July 23, 2012 | Volume 87, Number 19
Kevin Dobson, a junior from Saint Mary Catholic Church, Richmond, prepares the ground for post hole digging. His crew built an 18 foot wheelchair ramp.
Work Camp 2012 involves 170 youths, adults
his summer the Catholic Diocese of Richmond offered its second summer Work Camp for high school youth and drew 170 youth and adults from 10 parishes.
The Diocesan Work Camp, a weeklong camp experience, helps promote Christian service by asking high school youth to serve people without adequate resources to make their homes safer and warmer while also having the opportunity to grow in the Catholic faith.
This year’s Work Camp in Stanardsville, north of Charlottesville, served 18 different residents in rural Greene County over the week of June 23-29. William Monroe Middle School served as home base where participants and adults slept, ate, and participated in evening programs.
During the day, youth and adults were split into work crews and sent into the community.
Steve Angrisano, a veteran musician, composer and youth minister, was this year’s host. He led the evening programs which included music, sharing about the day’s experiences, prayer and reflection.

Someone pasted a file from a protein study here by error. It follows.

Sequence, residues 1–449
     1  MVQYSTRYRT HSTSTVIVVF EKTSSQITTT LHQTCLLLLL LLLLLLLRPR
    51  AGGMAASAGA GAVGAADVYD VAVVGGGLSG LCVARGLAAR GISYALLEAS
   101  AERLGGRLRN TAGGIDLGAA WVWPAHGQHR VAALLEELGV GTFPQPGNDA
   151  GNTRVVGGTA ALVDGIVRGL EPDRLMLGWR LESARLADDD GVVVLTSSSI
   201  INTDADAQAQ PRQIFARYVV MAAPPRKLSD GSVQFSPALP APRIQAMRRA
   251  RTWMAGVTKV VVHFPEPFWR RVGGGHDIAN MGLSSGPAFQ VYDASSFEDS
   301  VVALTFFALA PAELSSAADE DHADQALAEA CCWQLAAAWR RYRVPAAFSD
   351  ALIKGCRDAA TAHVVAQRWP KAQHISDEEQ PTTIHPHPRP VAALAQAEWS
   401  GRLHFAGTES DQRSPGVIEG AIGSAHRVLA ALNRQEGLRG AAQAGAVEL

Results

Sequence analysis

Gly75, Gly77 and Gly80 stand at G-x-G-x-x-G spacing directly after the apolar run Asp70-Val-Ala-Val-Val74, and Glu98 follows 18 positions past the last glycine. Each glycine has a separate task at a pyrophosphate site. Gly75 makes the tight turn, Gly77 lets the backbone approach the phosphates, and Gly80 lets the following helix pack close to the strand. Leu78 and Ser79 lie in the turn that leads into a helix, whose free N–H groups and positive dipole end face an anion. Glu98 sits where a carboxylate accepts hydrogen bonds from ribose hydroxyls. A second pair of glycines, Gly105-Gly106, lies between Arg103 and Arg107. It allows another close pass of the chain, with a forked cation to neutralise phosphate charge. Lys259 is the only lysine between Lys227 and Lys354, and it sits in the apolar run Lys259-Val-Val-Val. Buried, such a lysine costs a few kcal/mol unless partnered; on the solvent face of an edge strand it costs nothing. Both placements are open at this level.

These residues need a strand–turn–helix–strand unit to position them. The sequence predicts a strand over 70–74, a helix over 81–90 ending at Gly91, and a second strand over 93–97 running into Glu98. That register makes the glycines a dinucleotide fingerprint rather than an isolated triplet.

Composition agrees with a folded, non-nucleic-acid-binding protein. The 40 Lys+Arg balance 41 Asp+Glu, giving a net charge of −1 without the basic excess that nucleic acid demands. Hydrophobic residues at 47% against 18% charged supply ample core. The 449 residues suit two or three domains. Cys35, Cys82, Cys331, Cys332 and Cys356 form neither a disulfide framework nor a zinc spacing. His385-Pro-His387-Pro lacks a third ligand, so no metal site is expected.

Gregory Fick, serving as a contractor from Saint Gregory the Great Catholic Church, Virginia Beach, explains the next step of work to Becca Tenney, a senior from the Portsmouth-Chesapeake Cluster.
“Steve’s honest style of ministry is born from who he is — a committed witness to the life and love of Jesus Christ,” said Angela Hamrick, associate director of Youth with the diocesan Office for Evangelization of Youth and Young Adults.
Each day began with Mass. Father Sean Prince, newly ordained and parochial vicar at St. Bede Parish in Williamsburg, was the priest in residence all week.
The work crews painted seven sites, put up new sheet rock at five sites, insulated four rooms, significantly cleaned three houses and yards, planted flowers at four sites and put in one pocket door.
The teams also built 11 wheelchair ramps totaling 150 feet of ramp, and built four paver walkways that totaled 90 feet.
This year’s Work Camp provided more than 5,400 hours of community service.
“Officials from Social Services said this would have taken 5 years to complete without our help,” Ms. Hamrick said.